From personalised Fendi bags to luxury knitwear: fashion leads the way

Fashion is where personalisation has really taken off, particularly at the luxury end. Ever fancied taking your pet pooches to work (without them leaving the house)? Now you can have photos of their furry faces lasered onto your shoes.

Where Nike trailblazed the customisable trainer with its NikeiD service, others have followed in its sporty steps. ‘Vans Customs’ allows you to upload photos and prints onto your Vans, as well as choose the material, design and colour. Meanwhile, high-end sportswear brand Alala now allows you to strut your individual style in the fitness studio with customisable, colour-blocked leggings.

On the catwalk, Hermes has created a ‘Custom Silk Corner’ that allows its customers to create their own versions of its iconic scarves, Prada shoes are now available in 32 colours (complete with monogrammed initials) and Gucci has announced a ‘DIY’ programme, which allows personalisation of its famous Dionysus handbag.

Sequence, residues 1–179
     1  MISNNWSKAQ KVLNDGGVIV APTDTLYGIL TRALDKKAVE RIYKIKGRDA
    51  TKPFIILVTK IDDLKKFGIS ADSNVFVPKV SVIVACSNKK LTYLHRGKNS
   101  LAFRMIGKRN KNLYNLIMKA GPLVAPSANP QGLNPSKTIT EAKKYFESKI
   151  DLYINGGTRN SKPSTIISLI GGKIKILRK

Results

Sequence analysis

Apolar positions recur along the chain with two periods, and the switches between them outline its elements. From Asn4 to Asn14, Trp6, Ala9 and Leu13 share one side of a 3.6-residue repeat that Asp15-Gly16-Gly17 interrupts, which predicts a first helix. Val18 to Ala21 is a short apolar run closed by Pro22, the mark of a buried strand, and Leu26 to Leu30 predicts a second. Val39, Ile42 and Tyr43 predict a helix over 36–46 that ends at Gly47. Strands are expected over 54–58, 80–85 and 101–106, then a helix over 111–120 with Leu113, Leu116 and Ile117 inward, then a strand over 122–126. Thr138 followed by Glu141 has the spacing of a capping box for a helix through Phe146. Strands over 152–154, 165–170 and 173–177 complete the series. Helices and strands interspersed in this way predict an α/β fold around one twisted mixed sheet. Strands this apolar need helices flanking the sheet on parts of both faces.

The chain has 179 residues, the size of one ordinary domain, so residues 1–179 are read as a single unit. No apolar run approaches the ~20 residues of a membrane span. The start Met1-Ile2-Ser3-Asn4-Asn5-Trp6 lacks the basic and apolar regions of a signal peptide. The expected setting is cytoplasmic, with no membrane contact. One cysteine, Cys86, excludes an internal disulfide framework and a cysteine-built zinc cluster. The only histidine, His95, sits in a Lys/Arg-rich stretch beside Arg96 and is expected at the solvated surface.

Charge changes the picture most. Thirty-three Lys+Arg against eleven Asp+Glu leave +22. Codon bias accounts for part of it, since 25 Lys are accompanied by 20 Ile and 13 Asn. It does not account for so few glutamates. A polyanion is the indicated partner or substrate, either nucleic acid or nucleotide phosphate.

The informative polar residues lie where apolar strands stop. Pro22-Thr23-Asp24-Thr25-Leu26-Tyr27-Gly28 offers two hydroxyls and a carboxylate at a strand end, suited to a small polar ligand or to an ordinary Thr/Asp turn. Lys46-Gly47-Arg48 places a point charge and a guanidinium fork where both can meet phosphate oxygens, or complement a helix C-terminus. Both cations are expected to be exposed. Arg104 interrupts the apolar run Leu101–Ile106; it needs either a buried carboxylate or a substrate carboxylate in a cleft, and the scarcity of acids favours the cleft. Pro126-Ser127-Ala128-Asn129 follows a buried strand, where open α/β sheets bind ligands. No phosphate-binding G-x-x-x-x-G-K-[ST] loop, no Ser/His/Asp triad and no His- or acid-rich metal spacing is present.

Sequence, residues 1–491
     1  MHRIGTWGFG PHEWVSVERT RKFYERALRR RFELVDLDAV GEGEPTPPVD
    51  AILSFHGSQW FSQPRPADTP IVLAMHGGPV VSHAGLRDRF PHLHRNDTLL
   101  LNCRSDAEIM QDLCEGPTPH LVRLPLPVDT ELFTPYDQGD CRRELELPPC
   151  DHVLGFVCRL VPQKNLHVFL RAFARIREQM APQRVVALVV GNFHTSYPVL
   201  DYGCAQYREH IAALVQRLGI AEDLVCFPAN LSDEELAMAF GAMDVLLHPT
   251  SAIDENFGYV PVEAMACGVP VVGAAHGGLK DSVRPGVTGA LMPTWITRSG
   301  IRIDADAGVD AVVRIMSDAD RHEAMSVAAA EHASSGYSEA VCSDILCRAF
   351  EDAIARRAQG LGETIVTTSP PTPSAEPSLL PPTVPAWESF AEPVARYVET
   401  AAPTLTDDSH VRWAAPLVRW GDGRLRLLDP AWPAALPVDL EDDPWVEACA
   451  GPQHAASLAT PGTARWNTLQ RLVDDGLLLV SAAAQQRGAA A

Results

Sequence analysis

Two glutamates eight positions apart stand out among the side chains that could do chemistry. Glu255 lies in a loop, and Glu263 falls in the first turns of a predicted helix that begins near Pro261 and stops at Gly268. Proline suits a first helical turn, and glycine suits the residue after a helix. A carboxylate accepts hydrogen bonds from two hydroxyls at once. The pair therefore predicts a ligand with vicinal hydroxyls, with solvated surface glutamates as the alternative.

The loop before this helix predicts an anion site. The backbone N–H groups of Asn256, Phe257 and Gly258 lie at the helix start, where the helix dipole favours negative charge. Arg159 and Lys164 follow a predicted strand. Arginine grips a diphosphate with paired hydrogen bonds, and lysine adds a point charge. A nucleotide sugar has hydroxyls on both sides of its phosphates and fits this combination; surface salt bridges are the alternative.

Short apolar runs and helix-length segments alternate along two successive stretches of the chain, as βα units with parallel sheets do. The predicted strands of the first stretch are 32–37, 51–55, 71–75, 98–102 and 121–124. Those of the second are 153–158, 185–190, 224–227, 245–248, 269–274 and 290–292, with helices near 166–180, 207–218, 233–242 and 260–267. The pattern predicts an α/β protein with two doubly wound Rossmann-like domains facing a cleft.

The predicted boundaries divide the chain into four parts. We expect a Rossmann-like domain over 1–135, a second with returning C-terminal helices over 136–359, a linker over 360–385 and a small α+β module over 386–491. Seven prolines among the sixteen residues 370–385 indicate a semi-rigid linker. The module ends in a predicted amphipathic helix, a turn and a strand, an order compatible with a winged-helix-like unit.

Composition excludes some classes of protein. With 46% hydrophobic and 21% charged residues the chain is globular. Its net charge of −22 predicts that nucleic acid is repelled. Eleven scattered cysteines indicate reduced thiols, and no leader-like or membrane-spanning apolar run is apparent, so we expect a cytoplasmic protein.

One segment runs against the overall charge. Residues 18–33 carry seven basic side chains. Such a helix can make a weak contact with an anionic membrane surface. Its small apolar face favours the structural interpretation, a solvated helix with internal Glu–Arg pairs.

But perhaps you want a handbag strap to match every mood? Fendi’s ‘Strap You’ service offers straps in nine different colours, while Aspinal’s ‘Chameleon’ range allows you to individualise its signature bag with a whopping 15,000 different mutations. Now you just need 15,000 outfits!

And even traditional companies are getting in on the act too. Historic, luxury knitwear brand Pringle of Scotland has launched its first-ever bespoke cashmere service ‘Pringle Deconstructed’, which allows wearers to create a multitude of colour combinations and personally individualise its famous cashmere jumper.

Your favourite drink, personalised for you


Personalisation isn’t just about the way we look; it’s now about the way we live, eat and drink.